On the track (guideway) there are guidance-levitation coils that are wound in the shape of an "8" (Fig. 9). When the train travels along the guideway, the superconducting magnets pass by the guidance-levitation coils and create a changing magnetic flux in the coils. By electromagnetic induction, currents are induced in the coils, and these currents produce a magnetic force to levitate the train. When the centre of the superconducting magnets is at the same vertical level as the mid-point of the "8"-shaped guidance-levitation coils, stable levitation of the train is achieved (Fig. 10a). If the train falls below this levitated equilibrium position, the magnetic flux through the upper and lower part of the "8"-shaped coils will change, and a current with direction as shown in Fig. 10b will be induced in the guidance-levitation coils, producing a net upward magnetic force (Fig. 10c) to restore the train to its levitated equilibrium position.
As the induced current in the coil increases with the rate of change of magnetic field, the upward magnetic force will only be strong enough to levitate the train when the train is travelling at a high enough speed. Thus for the Japanese system, the train travels on wheels at first and levitation only begins when the train has reached a high enough speed.
MagLev trains can travel much faster than ordinary trains because friction between the train and the track is minimized. Energy loss due to friction is much reduced and hence MagLev trains are generally more energy efficient than ordinary trains. Without friction, MagLev trains produce much less noise and need fewer mechanical repairs. However, the main disadvantage of MagLev is its very high construction costs. Building the guideway for a MagLev is expensive and this is why the MagLev is not popular in most countries.
It was only at the turn of the 20th century that man first successfully flew an airplane. Now we have jumbo jets to take us all over the world. Rockets that allow us travel to space were also developed during the past few decades. Have you ever wondered what makes an aeroplane fly? And do you want to know how a rocket works?
To learn how an aeroplane flies, see Fig. 13 for the names of the forces acting on a plane during flying. Thrust is what moves the plane forward, generated by the engines of the plane. Weight is the force of gravity on the plane. Lift is the upward force that raises the plane, generated by the plane moving through the air. Drag is the force opposing the motion of the plane through air.
An aeroplane can fly because the upward force lift is generated when the plane is moving in the air. Lift is generated mainly by the wings when they move through the air. When the lift balances the weight of the plane, the plane can stay in the air and this is flying.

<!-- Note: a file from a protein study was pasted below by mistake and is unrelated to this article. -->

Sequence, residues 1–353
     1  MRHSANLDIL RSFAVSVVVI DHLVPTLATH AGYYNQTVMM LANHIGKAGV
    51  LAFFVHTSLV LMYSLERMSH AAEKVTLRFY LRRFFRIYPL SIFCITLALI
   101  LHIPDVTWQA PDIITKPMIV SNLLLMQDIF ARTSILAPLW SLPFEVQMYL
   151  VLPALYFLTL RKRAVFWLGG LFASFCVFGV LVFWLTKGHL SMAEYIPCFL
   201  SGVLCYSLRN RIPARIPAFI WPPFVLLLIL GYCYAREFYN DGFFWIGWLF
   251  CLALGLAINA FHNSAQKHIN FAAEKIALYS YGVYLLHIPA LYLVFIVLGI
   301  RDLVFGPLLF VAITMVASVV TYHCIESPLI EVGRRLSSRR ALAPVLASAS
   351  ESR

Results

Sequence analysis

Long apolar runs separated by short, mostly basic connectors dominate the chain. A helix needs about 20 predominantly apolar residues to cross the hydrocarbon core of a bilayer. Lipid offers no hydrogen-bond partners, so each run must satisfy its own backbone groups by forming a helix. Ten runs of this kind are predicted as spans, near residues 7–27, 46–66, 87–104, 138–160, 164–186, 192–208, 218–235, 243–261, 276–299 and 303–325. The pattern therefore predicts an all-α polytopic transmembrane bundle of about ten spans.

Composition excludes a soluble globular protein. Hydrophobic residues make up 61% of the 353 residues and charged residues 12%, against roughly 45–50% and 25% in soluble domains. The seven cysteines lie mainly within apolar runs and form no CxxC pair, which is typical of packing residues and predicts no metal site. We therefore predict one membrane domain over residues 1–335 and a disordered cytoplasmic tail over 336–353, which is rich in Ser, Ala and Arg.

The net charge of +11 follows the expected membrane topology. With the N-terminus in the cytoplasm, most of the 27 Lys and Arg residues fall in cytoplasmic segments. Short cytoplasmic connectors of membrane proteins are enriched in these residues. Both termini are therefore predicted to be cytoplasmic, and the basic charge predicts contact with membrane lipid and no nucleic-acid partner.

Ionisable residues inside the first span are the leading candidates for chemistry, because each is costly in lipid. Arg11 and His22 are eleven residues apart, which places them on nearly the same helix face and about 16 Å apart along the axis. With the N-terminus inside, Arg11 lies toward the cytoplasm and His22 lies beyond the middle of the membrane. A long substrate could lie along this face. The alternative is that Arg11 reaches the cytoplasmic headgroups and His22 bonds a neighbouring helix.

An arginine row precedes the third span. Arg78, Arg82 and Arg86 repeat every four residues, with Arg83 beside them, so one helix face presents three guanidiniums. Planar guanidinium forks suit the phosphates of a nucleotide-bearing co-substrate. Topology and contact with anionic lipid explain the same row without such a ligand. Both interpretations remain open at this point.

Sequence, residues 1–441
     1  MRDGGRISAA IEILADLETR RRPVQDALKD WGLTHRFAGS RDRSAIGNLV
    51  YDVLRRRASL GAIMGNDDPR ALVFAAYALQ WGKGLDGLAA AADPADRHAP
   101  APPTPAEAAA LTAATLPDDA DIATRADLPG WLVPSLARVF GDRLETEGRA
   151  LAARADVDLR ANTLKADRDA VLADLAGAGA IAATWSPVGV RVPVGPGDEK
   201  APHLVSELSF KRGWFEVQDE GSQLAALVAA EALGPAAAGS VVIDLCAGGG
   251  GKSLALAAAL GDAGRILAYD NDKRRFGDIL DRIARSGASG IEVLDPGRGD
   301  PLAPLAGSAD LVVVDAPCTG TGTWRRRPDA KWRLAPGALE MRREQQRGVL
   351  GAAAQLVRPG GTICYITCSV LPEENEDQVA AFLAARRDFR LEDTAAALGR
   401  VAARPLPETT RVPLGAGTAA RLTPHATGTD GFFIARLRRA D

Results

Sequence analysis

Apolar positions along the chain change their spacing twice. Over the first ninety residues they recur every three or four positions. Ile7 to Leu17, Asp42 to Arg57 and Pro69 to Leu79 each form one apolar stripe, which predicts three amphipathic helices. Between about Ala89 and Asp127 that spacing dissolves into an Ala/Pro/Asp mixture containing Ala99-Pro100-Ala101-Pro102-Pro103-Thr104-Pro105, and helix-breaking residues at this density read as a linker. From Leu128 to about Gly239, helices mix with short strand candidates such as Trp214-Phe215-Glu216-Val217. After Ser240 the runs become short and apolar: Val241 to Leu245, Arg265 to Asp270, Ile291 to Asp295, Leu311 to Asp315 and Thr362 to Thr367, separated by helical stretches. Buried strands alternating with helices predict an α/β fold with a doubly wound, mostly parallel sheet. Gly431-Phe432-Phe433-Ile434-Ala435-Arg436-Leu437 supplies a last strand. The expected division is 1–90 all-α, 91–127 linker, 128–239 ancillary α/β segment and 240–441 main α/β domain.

How do the wings of a plane generate the lift? Fig. 14 shows the cross-section of a typical wing. The upper and lower parts of the wing are not symmetrical, and the wings are tilted at a small angle to the horizontal. As such, when the plane is moving forward, the velocity of the air flowing past the wing has different values at different points on the wing. Using the principles in fluid mechanics, one can relate the pressure to the velocity of the air at different points on the wing. Adding up (integrating) the pressure variation times the area around the entire wing gives the total (aerodynamic) force on the wing. Hence, the special shape and the tilt of the wing are important factors affecting the aerodynamic force acting perpendicular to the flow direction of the air. This is lift.
Drag is essentially the force due to air resistance. According to Newton's first law, the thrust generated by the plane engines must counterbalance the drag so that the plane can maintain its uniform forward motion. During a long journey, the energy generated by the plane's engines is mainly dissipated in counteracting the drag.
You probably have seen rockets launched on television. When a rocket launches, burning gas is expelled from the rocket and the rocket moves upwards. In fact, the upward movement of a rocket has to do with a basic law of physics, the Newton's third law of motion, which says,
"To every action there is an equal and opposite reaction."
A rocket works by burning fuel to produce hot gas. The hot gas rushes out from the nozzles at the bottom of the rocket at high speed. There is a downward force that expels the hot gas out of the rocket. According to Newton's third law, an equal and opposite force must exist. This force propels the rocket upwards. The force exerted on the hot gas and the force exerted on the rocket are a pair of action and reaction forces.
Another way of looking at the launch involves another fundamental physics principle, the conversation of momentum. Initially, the rocket (with the fuel) is at rest and has zero momentum. When the fuel is burnt, the hot gas rushes out of the rocket due to the great heat and pressure produced by the release of chemical energy in burning. The hot gas moves downwards at a high speed, and thus carries a downward momentum. By conservation of momentum, the rocket will acquire an upward momentum of equal magnitude, so that the total momentum of the gas and the rocket remains zero. Hence the rocket moves upward with an increasing velocity (acceleration) as more hot gas is expelled.
Have you noticed that rockets, aeroplanes and MagLev trains are all long and thin in shape, and have small and pointed or sloping frontal areas? The shapes of these modes of transportation are specially designed to reduce the air resistance when they are travelling at high speeds. The effect of air resistance becomes more and more important as speed increases. Scientists have found that for a certain range of speeds, the air resistance (force) experienced by an object is given by the equation:
where Cd is called the coefficient of drag which depends on the shape of the object only, r is the density of air, A is the reference area related to the frontal area of the object and v is the speed of the object. Shapes that are long with a sloping or pointed front have a lower coefficient of drag. This partly explains the shapes of high-speed trains and aeroplanes. A lower drag means lower energy loss in moving the object forwards, and therefore better energy efficiency can be achieved.